Using a technology called SOMAmer the researcher team measured the levels of nearly 3,000 different plasma proteins from more than 4,000 healthy individuals ages 18 – 95. As a key part of the study, the team identified 373 proteins in the blood that showed consistent changes with age across the lifespan of both mice and humans. Using machine learning techniques, this protein change data was used to train an artificial intelligence tool to predict biological age based on a sample donor’s protein profile.  In validation testing, the tool predicted a biological age that was younger than a person’s chronological age for individuals who were indeed healthier both cognitively and physically than individuals of the same chronological age but for whom the tool predicted a correct or older biological age.  The authors hope that this proteomic clock may someday be used to identify individuals at risk for disease.


Jan 29, 2020

ATXN1 Plays a role in learning and memory

CELL has published the results of a collaboration between Rudy Tanzi, PH.D. and Huda Zoghbi, M.D. The work shows that a rare gene associated with an increased risk of Alzheimer’s, ATXN1, regulates an increase in BACE1, an enzyme that contributes to amyloid plaque accumulation.

Neurodegenerative disorders tend to fall into two distinct categories that are not thought of as overlapping: those that affect movement, called ataxias, and those that affect mental functioning, called dementias. ATXN1 is a rare Alzheimer’s associated gene that has been extensively studied in spinocerebellar ataxia type1 (SCA1), a neurodegenerative disorder.  SCA1 has no known effective treatment or cure and can affect anyone at any age. In many cases, people are not aware that they carry a relevant gene until after they have children. An estimated 150,000 people are living with spinocerebellar ataxia in the United States and the average age of onset is in the forties. SCA1 symptomsvinclude the deterioration of motor coordination, balance, and progressive difficulty in swallowing and breathing in late stages. Impairments in verbal memory and frontal executive dysfunction also occur in later stages of the disease.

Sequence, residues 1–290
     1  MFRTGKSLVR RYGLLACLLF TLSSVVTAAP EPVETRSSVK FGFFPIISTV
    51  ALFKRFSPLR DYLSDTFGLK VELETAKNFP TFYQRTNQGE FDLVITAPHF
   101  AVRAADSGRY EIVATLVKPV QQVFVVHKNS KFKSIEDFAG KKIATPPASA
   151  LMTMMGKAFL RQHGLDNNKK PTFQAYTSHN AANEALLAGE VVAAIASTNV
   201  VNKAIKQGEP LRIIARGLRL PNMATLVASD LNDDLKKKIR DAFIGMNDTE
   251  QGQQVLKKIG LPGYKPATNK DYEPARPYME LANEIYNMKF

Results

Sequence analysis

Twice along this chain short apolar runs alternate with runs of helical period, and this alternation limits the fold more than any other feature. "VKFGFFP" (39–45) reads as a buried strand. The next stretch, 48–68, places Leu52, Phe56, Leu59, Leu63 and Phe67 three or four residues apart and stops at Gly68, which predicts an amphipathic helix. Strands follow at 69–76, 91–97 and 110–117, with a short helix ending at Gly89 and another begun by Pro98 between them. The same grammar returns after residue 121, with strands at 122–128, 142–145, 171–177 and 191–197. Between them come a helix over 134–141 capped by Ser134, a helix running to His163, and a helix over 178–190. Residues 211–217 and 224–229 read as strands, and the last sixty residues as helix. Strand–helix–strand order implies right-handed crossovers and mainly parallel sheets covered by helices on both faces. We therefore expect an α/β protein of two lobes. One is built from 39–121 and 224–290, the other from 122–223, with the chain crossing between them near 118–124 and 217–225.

ATXN1 is a rare Alzheimer’s associated gene that has been studied in the neurodegenerative disorder, spinocerebellar ataxia type 1. Those who suffer from this disorder experience Alzheimer’s like dementia later in the progression of the disease. To test the hypothesis that ATXN1 might be involved in Alzheimer’s disease, the researchers used mice that were genetically modified to have the ATXN1 gene knocked out. The researchers were interested in determining whether the loss of ATXN1 would lead to biochemical changes that resembled the changes observed in the brain during Alzheimer’s disease. BACE1, the b-secretase enzyme that cleaves amyloid precursor protein and generates amyloid plaques, was increased by 45% in the ATXN1 knockout mice. These mice display impairments in learning in the hippocampus. This paper provides evidence that ATXN1 plays a role in learning and memory.

Prior to this study, there has been no evidence that any known candidate genes for Alzheimer’s disease could regulate BACE1 expression in the brain.

This paper is groundbreaking for its ability to demonstrate a unique regulatory mechanism by which ATXN1, a gene more commonly associated with motor neurodegeneration, can affect BACE1 levels. An increase in BACE1 expression can decrease neural precursor cell proliferation and negatively impact learning, memory, and the birth of new neurons. An interesting next direction for the field will be to determine how altering levels of amyloid precursor protein or BACE1 influences adult hippocampal neurogenesis – a process that is known to go awry in Alzheimer’s.